To give an obvious example, if I, tired of my next-door neighbour borrowing my lawnmower, agree to sell it to him for £50, both of us contract as private individuals. I am not acting in the course of a business and my neighbour is not a consumer.

This distinction has been with us for a very long time, indeed for much longer than the concept of a ‘consumer’ as a species deserving privileged treatment by the law. Consider that most fundamental series of legal rules, the principles laid down for implying terms into contracts for the sale of goods. First codified as the Sale of Goods Act 1893 (now the Sale of Goods Act 1979) ss 12-15, these rules were designed to regulate commercial transactions.

Section 14(1) of the 1893 Act read
‘Where the buyer, expressly or by implication, makes known to the seller the particular purpose for which the goods are required, so as to show that the buyer relies on the seller’s skill or judgment, and the goods are of a description which it is in the course of the seller’s business to supply (whether he be the manufacturer or not), there is an implied condition that the goods shall be reasonably fit for such purpose …’ (emphasis supplied).
Section 14(2) which implied a condition of merchantable quality (now satisfactory quality), insisted that the seller must be someone ‘who deals in goods of that description’.
The current version of s 14 has watered these requirements down to the seller selling the goods merely ‘in the course of a business’.

The Unfair Terms in Consumer Contracts Regulations 1999 (SI 1999/2083) insist that, for the other party to be a consumer, the seller or supplier must be a ‘natural or legal person who, in contracts covered by these Regulations, is acting for purposes relating to his trade, business or profession…’

The CCA distinguishes between commercial agreements (which are, in general, fully regulated) and ‘non-commercial’ agreements (which are only minimally regulated). A non-commercial agreement is one which is ‘not made by the creditor or owner in the course of a business carried on by him’.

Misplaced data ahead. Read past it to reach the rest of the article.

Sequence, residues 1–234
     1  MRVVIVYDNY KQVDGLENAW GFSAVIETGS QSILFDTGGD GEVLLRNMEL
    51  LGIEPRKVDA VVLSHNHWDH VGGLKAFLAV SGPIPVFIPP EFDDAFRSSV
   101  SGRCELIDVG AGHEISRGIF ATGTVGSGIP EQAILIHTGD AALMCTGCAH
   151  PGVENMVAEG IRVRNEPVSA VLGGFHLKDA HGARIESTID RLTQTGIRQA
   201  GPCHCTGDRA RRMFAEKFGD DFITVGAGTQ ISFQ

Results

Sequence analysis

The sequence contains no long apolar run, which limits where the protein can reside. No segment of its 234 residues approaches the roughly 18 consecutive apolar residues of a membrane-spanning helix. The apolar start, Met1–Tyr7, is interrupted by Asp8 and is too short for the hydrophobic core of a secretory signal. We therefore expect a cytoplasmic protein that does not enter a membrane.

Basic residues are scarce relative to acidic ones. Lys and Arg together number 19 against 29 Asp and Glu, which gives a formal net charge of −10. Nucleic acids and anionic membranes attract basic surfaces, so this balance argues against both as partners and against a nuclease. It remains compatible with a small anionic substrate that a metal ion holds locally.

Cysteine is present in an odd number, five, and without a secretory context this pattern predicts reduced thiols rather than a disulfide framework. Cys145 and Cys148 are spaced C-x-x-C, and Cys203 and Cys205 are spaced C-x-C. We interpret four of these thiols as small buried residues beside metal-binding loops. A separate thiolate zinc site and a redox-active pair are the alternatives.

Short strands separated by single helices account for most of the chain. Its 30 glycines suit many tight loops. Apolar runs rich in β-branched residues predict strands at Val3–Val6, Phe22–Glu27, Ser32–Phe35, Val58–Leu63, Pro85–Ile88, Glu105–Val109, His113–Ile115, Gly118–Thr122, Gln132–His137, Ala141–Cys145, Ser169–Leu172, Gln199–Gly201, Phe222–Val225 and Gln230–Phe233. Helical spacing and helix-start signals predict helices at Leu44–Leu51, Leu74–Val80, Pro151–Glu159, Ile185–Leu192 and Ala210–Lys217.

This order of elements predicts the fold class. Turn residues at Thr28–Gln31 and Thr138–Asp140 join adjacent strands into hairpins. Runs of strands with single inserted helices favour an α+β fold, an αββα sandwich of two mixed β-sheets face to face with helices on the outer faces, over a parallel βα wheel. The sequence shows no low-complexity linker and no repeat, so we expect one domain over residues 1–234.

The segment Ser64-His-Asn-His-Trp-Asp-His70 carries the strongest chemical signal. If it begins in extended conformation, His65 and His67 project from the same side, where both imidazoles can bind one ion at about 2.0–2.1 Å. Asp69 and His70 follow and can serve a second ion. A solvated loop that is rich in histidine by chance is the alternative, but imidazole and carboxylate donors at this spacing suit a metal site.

So far, so good. In 99% of cases, it is quite obvious whether or not one party to a transaction is acting in the course of his business. In my lawnmower example, patently, neither I nor my neighbour could be said to be acting in the course of a business. The remaining 1% of cases do, however, present a conundrum. What is the position where one party is undoubtedly a commercial entity but the transaction is outside its normal course of business? Is it none the less acting ‘in the course of a business’, so as to make the other party a ‘consumer’?

We have met the problem already in the guise of a company acting outside the course of its usual business being held entitled to claim the status of ‘consumer’ in Feldarol Foundry plc v Hermes Leasing (London) Ltd [2004] EWCA Civ 747. In acquiring a luxury car for its chairman, the Foundry was held not to be acting in the course of its business because its business was that of a steel foundry and not that of a car dealer. Though obviously a bizarre decision on the facts, it does indicate that the courts will distinguish between a transaction in the course of a company’s usual business and one peripheral to it.